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Reflections from the Headmaster Dear Parents, Alumni and Friends of St. Anselm’s Abbey School,

gave a presentation to the students in Forms V and VI. Our We began the new school year with a special blessing of students were clearly impressed by these men and they learned our prayer labyrinth in celebration of the 900th anniversary a great deal about their various professions. I am deeply grateof the death of Saint Anselm of Canterbury. The entire school ful to these alumni for their participation. formed a circle around the labyrinth as Fr. Michael blessed this Congratulations is due to the following students from sacred space with holy water. We are grateful to Ben Moniz, the Class of 2010 who have been recognized by the National Form VI, who, assisted by his family and friends, installed the Merit Scholarship program. Our Semifinalists are Matthew labyrinth as his Eagle Scout project. A prayer labyrinth is a L. Bollinger, Robert place where one can Cobb and Benjamin quiet the mind, find J. Moniz. The Combalance, and meditate. mended Scholars are It has a single path Jonathan A. Aguilerathat winds into the Titus, Branden O. center and the same Alegbeleye, Jeremy path is used to return T. Cockerham, Jose to the entrance. The Gutierrez, James D. cruciform design of Keegan, Neil I. Sood this labyrinth is based and Liam Walsh-Melupon the labyrinth lett. found in Chartres CaOver the past 10 thedral in France. At years, as many as 61% the center, inscribed of the students of the on a stone paver, are graduating class have the following words been recognized by of Saint Anselm: Fides the National Merit Quaerens Intellectum Scholarship program. – Faith Seeking UnThis fall, the Priderstanding. I hope ory Players mounted this prayer labyrinth a memorable prowill provide support School Chaplain Fr. Michael Hall, OSB, blesses the prayer labyrinth as duction of the opfor the spiritual wellBenjamin Moniz, Form VI, looks on. eretta The Pirates of being of everyone in Penzance by Gilbert our community. and Sullivan. My congratulations go to the cast and crew We have 237 students enrolled this year, including sevon their highly entertaining performances. Kudos to Mrs. eral international students: two Italian students, two Chinese Cathy Diggle for her outstanding direction and to Dr. Charles students, one from Korea and one from Taiwan. The admisDowney for his excellent musical direction. sions season is off to a promising start under the enthusiastic Finally, at the time of writing, we are preparing for our anleadership of our Admissions Director, E.V. Downey. Peter nual Thanksgiving service and luncheon. During the month Young, ’01, our Assistant Director of Admissions, has received of November, the students and faculty have been collecting an enthusiastic response when visiting the 8th grade boys in cans for the annual Food Drive. Each of the Houses is comthe Archdiocesan Schools. We had a highly successful Open peting to bring in the most canned goods. For the ThanksgivHouse on November 1st which attracted approximately 135 ing Luncheon, the students will sit at a table family style in students and their families, a significant increase over last year their respective houses. Parents volunteer to serve the lunch when we had 90 families attend. and they provide a variety of pies for all to enjoy. In this way, I am pleased to report that Mr. Hal DeLuca is our new students, teachers, staff, and the monastic community come Director of College Counseling. As a former Headmaster together to give thanks for the many blessings we receive at of St. John’s College High School, Mr. DeLuca is an expeSt. Anselm’s Abbey School. rienced administrator who will provide strong leadership of the College Guidance program. He is assisted by Mr. Jeffrey Pax in Sapientia, Harwood, who continues as the Assistant Director of College Counseling. On September 21st a representative group of illustrious Louis Silvano alumni gathered for our annual Career Day, organized by DiHeadmaster rector of Alumni Affairs Lawrence Hamm, ’68. Each alumnus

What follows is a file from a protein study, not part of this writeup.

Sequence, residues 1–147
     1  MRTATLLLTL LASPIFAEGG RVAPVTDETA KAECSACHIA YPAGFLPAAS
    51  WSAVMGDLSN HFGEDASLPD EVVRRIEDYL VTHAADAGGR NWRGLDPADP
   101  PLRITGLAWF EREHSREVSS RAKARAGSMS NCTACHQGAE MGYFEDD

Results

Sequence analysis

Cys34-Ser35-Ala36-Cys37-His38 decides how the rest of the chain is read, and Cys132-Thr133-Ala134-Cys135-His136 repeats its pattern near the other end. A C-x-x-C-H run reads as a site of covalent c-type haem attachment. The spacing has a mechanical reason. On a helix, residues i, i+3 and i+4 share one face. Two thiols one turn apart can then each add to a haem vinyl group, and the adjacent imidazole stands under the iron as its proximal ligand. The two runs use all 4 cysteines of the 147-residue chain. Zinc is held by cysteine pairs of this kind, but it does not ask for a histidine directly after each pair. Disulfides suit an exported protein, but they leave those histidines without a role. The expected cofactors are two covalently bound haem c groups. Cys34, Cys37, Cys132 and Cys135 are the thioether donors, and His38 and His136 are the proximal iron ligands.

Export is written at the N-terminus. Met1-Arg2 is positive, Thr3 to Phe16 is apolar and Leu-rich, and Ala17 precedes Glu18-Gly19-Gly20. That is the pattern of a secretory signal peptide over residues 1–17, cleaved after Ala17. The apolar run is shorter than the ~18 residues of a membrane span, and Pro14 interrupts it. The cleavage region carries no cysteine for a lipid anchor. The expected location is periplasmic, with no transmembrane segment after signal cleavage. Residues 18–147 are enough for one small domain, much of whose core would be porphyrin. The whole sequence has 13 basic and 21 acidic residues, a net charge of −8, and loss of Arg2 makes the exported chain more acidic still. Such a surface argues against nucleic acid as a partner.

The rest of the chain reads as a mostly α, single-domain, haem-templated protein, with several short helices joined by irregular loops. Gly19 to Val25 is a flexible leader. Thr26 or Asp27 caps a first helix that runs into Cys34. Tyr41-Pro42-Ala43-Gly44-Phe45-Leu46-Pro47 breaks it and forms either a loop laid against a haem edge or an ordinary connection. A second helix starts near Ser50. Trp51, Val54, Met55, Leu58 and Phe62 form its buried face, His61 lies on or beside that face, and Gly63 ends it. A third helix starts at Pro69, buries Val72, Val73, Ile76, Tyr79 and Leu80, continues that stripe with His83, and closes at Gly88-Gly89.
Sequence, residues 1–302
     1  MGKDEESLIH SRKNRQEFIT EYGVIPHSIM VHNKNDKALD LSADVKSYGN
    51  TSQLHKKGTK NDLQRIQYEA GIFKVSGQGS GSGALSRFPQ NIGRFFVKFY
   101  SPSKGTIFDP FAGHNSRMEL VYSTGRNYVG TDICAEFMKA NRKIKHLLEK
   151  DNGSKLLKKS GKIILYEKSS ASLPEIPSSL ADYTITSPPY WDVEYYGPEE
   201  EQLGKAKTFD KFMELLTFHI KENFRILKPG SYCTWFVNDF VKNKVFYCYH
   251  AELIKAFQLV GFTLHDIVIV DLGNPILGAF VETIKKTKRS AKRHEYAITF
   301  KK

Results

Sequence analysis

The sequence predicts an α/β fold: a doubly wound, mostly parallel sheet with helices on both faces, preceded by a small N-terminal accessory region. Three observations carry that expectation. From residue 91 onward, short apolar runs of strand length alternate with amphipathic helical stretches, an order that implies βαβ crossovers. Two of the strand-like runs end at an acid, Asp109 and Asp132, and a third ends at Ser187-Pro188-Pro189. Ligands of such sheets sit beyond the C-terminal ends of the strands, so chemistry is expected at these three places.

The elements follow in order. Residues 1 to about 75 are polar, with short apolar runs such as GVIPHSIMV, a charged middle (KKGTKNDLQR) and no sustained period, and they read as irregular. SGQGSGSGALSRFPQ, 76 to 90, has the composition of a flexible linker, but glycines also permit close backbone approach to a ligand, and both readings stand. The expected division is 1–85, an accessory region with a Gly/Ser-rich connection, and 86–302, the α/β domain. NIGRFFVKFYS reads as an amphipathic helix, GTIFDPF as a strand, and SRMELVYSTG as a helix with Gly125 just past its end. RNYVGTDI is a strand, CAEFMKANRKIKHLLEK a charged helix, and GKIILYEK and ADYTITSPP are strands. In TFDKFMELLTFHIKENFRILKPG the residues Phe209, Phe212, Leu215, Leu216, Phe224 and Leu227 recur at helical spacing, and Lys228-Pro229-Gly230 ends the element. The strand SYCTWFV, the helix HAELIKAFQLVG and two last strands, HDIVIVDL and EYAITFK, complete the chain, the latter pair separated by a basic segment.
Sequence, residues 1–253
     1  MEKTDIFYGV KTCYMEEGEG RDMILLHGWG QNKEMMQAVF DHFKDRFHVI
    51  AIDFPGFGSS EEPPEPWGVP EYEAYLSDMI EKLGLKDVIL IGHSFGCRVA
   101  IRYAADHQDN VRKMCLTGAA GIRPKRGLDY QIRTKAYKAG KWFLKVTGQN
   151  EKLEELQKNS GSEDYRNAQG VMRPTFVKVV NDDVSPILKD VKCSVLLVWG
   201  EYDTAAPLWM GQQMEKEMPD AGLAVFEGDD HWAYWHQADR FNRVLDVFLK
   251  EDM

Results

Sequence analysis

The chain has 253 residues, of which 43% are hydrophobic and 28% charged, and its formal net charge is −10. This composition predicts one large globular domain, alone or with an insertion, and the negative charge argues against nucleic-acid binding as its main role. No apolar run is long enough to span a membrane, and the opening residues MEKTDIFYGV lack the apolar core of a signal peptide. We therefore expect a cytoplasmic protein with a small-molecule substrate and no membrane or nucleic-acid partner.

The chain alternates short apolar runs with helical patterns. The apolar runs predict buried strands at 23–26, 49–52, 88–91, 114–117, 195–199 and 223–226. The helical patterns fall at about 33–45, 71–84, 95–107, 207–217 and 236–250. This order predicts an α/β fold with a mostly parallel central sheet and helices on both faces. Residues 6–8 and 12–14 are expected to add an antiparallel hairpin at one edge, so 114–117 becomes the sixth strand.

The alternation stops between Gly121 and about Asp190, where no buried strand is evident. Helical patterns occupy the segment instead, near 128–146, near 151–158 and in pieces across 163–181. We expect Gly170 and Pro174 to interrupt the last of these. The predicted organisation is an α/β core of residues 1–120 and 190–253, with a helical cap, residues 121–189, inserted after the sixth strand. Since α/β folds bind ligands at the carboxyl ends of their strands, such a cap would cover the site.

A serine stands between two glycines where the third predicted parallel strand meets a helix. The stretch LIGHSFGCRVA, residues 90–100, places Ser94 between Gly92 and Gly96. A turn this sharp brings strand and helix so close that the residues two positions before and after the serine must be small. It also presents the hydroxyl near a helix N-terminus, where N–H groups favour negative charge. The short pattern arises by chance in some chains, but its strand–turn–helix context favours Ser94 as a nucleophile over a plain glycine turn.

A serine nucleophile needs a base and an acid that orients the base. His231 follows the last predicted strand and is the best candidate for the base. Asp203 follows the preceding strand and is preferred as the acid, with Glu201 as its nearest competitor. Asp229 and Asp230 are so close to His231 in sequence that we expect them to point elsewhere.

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Campus News

AP Government Students Head to Supreme Court Thaddeus Edmonson, a simple man working for a concrete company, never imagined he would change a fundamental feature of the American legal system. But he did, as the plaintiff in a case arguing the nature of peremptory challenges before the Supreme Court. When the semester began in AP U.S. Government and Politics, many of us in the class (teacher and students alike) never imagined we would meet and talk to a Supreme Court justice. But we did, on November 10, as participants in the Annenberg Foundation’s Sunnylands seminars on the judicial branch. Joining students from a local public charter school and two other schools on the East Coast, the young men of St. Anselm’s Abbey School spent almost two hours discussing two Supreme Court cases with former Justice Sandra Day O’Connor and Justices Stephen G. Breyer and Anthony M. Kennedy. The boys were thoroughly prepared (typical!) for a Q&A with the justices on two key cases – Brown v. Board of Education and Edmonson v. Leesville Concrete